Sandygirl

    Janome 9900 / Janome 9700 / Janome 3160 QVC/ Janome 1100D serger, Juki 2020 Mini
    Singer Centennial model (inherited from my late, fav aunt!)

  13. #13
    Super Member ILoveToQuilt's Avatar
    Join Date
    Mar 2010
    Location
    New Hampshire & Maine
    Posts
    2,890
    I actually burn my snips and strings (cotton or wool only) in my wood stove. Leaves no icky residue (like polyester) and burns down to a fine ash. This has been okay'd by my chimney sweep (who actually took some home for his stove!) as being safe to do since I have a very basic stove. Just a thought...

    My chickens always roosted in pine shavings. They dig a hole and plunk themselves down into it. They had access to roosting boxes, but preferred the shavings. My gals always laid their eggs in these holes. Never used straw or any other medium but shavings for them. They free ranged during the day and only slept in the chicken house at night.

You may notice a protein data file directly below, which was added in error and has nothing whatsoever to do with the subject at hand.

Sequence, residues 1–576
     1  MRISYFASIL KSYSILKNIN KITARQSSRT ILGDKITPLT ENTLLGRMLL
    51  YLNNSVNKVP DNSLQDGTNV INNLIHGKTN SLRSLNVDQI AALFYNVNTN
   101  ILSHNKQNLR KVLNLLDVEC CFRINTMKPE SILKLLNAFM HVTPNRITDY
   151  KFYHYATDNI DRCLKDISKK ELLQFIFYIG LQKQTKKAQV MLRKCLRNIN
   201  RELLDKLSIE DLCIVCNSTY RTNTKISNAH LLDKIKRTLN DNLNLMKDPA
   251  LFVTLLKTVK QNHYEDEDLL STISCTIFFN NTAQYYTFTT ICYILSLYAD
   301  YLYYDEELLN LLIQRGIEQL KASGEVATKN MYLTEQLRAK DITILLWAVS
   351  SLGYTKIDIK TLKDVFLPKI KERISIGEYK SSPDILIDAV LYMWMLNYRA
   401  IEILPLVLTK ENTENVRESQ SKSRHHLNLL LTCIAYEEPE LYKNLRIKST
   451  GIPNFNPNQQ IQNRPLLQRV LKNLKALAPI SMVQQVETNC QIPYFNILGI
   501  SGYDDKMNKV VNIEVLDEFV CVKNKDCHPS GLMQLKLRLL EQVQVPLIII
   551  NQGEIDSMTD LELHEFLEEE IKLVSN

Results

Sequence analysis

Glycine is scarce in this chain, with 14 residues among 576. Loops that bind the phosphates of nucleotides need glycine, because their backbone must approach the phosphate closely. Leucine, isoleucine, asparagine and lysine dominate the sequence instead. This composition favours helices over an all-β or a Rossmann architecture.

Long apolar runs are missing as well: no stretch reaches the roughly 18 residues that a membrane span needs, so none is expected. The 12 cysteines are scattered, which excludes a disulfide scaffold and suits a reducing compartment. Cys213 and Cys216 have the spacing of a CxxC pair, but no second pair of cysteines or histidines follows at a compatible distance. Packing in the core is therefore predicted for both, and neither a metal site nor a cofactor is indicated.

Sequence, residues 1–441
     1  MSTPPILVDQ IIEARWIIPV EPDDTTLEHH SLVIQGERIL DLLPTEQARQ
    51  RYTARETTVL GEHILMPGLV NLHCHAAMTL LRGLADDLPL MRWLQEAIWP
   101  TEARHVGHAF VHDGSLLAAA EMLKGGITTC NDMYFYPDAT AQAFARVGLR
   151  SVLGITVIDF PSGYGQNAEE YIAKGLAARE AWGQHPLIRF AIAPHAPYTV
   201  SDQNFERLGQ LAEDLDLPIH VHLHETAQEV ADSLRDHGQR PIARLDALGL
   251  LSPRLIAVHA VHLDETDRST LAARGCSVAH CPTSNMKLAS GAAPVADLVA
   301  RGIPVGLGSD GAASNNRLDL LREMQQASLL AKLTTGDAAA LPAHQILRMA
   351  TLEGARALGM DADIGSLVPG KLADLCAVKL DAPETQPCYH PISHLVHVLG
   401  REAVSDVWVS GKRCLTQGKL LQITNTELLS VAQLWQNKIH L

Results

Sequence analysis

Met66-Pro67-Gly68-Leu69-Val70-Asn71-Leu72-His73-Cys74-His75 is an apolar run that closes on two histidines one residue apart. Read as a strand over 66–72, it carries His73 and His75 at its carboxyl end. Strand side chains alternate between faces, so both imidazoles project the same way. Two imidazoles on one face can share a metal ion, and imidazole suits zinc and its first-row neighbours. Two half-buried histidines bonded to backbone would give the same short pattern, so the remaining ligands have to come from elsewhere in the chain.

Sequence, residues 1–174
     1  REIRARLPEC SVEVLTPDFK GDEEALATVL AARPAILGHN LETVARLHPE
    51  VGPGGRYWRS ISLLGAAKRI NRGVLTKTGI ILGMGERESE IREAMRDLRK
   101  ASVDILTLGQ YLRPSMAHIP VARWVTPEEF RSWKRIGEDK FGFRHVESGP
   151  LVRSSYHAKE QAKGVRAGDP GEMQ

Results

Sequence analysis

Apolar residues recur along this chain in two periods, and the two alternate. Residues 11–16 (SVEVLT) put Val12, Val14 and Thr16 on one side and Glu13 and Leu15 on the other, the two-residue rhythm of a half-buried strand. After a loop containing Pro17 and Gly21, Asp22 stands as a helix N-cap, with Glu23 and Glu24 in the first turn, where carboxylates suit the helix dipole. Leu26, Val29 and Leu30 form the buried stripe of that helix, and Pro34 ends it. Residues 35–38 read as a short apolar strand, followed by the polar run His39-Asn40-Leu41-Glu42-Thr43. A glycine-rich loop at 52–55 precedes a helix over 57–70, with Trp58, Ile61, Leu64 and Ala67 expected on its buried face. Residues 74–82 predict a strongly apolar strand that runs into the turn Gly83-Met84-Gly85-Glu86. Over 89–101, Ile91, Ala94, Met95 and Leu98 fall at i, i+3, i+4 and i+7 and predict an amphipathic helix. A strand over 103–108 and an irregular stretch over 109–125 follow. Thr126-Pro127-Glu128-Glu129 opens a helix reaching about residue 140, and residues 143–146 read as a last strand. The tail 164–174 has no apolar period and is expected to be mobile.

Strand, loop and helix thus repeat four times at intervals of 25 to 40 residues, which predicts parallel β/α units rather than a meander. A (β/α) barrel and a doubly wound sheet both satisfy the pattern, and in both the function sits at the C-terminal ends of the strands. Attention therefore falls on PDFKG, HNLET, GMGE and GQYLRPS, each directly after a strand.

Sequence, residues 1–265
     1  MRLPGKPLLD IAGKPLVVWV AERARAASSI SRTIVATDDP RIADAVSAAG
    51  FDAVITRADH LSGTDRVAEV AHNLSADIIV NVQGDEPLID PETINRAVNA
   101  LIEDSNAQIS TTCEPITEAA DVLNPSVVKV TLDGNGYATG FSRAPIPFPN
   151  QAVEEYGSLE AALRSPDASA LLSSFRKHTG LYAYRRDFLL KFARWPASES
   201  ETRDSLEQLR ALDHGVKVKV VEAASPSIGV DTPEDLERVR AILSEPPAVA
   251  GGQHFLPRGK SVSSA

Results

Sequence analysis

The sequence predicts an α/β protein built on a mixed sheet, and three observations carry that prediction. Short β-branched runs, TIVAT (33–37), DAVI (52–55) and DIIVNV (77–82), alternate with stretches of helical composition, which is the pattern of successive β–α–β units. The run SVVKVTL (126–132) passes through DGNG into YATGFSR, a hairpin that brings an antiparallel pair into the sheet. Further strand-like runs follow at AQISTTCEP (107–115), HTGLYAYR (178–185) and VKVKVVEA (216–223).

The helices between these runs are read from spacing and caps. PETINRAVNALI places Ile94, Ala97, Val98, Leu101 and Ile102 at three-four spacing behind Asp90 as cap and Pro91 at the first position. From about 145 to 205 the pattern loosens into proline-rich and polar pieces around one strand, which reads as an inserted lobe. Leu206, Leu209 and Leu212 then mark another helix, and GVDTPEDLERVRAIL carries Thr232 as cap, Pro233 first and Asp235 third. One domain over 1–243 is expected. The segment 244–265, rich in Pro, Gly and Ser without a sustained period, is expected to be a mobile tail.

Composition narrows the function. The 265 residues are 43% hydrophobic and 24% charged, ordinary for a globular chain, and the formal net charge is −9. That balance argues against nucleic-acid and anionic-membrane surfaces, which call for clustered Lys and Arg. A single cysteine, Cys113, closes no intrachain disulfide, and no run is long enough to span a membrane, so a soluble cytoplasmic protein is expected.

So this was my 2 cents....
    Anita

    The only place that housework comes before quilting is in the dictionary.

  14. #14
    Super Member caspharm's Avatar
    Join Date
    Jan 2011
    Location
    Nevada
    Posts
    6,967
    Another option is pet beds. I put my smaller scraps of batting in my scrap bag, which I then sew up as a pet bed.

  15. #15
    Super Member IBQUILTIN's Avatar
    Join Date
    Oct 2009
    Location
    North Fork Ca
    Posts
    8,253
    It would not be a good idea if there is any chance that it could become damp or wet. You would not want your chickens nesting in something that could hold water the way that wool can.

Posting Permissions

  • You may not post new threads
  • You may not post replies
  • You may not post attachments
  • You may not edit your posts
  •  

SEO by vBSEO ©2011, Crawlability, Inc.